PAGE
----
Between three stints in the White House and two decades in business, Joe Hagin '79 has managed his life's work in both the public and private sectors.
Those who follow political news have likely read about recent changes in the Secret Service, including the replacement of a number of top officials and the appointment of a new director. Kenyon has a connection to these changes in Joe Hagin ’79, who served on the independent panel that investigated the agency.
“I was honored to be asked to participate,” said Hagin, who has worked in the White House under three administrations. “In most of my various jobs at the White House over the years, I have been in a position where I worked very closely with the Secret Service, so I have a fairly intimate knowledge of how they operate.”
As a member of the four-person bipartisan panel, Hagin helped conduct 170 interviews with members of the Pentagon, security officials, and military officers. At the conclusion of the investigation, the panel suggested a number of changes in a report sent to the Department of Homeland Security at the end of last year: comprehensive budget reform, increased training, a new fence around the White House, and the selection of a new director. The panel “was in full agreement,” Hagin said. “It was a very positive experience, and nice to do something in a bipartisan way in Washington today.”
Hagin, born in Lexington, Kentucky, and raised in Cincinnati, jump-started his political career immediately after graduating from Kenyon with a degree in English by working for George H.W. Bush’s presidential campaign. When Bush became vice president to Ronald Reagan in 1981, he asked Hagin to serve as his personal aide, which allowed him to travel the world with the vice president. “You’re the right-hand guy,” Hagin said of the position. “It was maybe the best job I’ve ever had in my life.”
Halfway through Reagan’s term, Hagin was appointed assistant to the vice president for legislative affairs, making him the vice president’s representative on the Hill. Bush offered Hagin career advice as well. “You ought to get some private sector experience,” Hagin remembers the vice president telling him. Hagin took the recommendation to heart and spent the next fifteen years focused on building a career in business as director of public affairs for Federated Department Stores (now Macy’s) and vice president of Chiquita Brands. He kept his hat in the political arena, however, aiding Bush’s successful 1988 presidential campaign and serving as appointments secretary to the president from 1988 to 1991.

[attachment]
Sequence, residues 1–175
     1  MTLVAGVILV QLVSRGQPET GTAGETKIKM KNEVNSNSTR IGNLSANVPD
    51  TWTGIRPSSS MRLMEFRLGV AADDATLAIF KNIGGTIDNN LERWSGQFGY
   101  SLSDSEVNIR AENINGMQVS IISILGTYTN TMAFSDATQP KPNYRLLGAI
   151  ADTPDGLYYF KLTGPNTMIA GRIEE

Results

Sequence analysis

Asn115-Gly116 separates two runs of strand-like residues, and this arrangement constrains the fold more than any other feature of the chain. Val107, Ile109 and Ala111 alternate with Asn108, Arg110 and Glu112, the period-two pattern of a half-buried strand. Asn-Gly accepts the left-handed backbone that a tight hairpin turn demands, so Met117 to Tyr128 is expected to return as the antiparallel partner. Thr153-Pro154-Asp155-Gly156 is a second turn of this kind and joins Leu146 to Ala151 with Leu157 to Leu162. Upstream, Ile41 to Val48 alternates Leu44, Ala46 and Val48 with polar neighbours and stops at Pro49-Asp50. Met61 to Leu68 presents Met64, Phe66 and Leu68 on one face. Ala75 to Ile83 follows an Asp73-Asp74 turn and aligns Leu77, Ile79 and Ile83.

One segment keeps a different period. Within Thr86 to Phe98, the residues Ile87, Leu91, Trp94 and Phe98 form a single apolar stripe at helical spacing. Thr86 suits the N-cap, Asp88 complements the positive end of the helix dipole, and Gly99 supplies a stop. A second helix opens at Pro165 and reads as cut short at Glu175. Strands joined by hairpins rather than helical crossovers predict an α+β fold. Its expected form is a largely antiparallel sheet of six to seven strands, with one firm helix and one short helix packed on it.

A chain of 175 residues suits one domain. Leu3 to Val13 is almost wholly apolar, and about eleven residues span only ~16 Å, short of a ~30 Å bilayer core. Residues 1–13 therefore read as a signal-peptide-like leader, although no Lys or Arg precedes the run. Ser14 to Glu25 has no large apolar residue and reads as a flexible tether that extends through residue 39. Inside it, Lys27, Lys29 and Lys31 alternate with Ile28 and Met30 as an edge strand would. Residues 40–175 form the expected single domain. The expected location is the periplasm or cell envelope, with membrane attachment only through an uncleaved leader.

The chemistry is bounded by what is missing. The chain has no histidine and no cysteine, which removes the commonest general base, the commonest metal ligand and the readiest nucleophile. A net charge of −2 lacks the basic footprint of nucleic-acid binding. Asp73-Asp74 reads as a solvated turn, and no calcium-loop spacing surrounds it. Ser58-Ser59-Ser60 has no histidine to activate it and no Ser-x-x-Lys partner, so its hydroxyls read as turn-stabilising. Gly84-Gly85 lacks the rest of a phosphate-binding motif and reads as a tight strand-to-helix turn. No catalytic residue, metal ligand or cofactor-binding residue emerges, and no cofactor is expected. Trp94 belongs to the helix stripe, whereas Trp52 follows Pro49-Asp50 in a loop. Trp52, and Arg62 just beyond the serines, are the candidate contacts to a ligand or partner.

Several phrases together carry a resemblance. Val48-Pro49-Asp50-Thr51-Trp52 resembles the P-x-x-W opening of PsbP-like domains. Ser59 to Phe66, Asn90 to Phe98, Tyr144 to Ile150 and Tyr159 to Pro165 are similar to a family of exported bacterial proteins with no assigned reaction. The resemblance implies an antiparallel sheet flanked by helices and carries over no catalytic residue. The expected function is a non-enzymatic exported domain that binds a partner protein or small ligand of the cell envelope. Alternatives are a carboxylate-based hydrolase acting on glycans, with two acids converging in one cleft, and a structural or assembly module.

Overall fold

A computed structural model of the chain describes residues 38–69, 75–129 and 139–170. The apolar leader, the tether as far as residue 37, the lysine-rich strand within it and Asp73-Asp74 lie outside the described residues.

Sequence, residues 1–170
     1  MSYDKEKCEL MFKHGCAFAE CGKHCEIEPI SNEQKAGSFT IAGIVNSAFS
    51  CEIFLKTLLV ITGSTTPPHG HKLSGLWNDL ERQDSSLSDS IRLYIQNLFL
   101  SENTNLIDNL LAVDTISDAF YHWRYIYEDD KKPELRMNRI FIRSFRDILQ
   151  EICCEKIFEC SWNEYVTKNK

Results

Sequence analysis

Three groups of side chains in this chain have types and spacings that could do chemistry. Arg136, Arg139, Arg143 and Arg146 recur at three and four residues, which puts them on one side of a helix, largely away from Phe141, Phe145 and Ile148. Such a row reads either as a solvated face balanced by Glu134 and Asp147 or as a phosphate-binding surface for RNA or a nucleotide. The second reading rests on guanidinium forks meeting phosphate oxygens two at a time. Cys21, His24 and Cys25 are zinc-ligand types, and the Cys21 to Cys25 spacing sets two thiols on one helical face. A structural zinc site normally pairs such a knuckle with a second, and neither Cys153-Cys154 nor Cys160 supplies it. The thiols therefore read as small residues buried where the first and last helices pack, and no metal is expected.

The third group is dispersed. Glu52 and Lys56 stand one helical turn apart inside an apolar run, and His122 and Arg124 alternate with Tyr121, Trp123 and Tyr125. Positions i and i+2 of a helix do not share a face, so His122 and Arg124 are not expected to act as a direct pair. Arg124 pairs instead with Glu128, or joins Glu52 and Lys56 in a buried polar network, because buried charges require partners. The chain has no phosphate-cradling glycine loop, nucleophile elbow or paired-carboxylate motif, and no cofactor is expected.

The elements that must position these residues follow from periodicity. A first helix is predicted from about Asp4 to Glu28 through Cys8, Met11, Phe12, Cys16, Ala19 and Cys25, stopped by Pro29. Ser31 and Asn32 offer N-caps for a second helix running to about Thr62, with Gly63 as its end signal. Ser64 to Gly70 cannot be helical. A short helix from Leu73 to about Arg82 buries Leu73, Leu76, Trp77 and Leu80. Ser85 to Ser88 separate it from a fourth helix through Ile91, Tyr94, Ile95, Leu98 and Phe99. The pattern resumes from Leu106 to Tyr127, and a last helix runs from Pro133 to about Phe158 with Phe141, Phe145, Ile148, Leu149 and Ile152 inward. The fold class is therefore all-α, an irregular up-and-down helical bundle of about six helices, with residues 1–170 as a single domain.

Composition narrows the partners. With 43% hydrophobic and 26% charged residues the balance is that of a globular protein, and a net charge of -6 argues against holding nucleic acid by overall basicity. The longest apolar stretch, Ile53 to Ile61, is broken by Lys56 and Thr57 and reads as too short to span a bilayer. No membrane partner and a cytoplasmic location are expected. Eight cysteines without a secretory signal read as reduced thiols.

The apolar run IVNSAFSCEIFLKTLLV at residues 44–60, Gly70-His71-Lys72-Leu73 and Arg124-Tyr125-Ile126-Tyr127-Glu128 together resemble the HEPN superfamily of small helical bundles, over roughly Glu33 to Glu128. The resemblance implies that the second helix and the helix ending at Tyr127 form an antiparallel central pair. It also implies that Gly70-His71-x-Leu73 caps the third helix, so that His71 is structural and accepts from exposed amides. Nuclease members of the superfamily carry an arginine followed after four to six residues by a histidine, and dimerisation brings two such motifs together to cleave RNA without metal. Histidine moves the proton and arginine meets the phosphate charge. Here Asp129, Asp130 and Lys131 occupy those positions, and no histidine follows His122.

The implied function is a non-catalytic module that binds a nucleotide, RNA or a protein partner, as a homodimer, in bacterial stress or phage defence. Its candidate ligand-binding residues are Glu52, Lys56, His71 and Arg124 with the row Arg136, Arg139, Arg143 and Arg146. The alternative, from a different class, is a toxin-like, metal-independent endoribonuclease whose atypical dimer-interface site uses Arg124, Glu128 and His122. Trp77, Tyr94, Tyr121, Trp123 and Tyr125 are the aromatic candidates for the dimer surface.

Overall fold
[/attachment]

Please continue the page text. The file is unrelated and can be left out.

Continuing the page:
In 2000, Hagin was asked to return to politics full time as deputy manager for George W. Bush’s presidential campaign. When the younger Bush was elected, Hagin was named his deputy chief of staff with responsibilities ranging from managing the president’s schedule to overseeing Oval Office operations and organizing foreign travel. “It was an all-consuming job,” said Hagin. “Seven days a week, fourteen hours a day.”
His desire to return to private business changed after the terrorist attacks in New York and Washington, D.C., on September 11, 2001. “I just didn’t feel that, during the midst of a war, it was right for me to go back to the cushy private sector job,” he said.
He recalls being particularly moved by President Bush’s strength during the crisis. “I will always admire how steadfast and strong he was in those really horrible days,” Hagin said. “When the cameras were off, he was great at rallying people who were frightened and whose spirits were down.”
Hagin eventually did leave the White House in 2008 and became a founding partner of Command Consulting Group, a global security and intelligence firm in D.C. where he remains today, working on both public and private sector projects.
Hagin recently returned to the Hill — this time the one in Gambier — to speak with students about his experiences. He attributes much of his professional success to his Kenyon education: “Kenyon really does teach you how to think and analyze,” he said. “I felt prepared for the world.”
With his Secret Service committee work now complete, he feels satisfied to stay in the private sector, dividing his time between his home in Cincinnati and his work in D.C., at least for the time being. “Maybe towards the end of my career I’ll do one last tour in the government,” he said, chuckling. “Something fun — like being an ambassador.”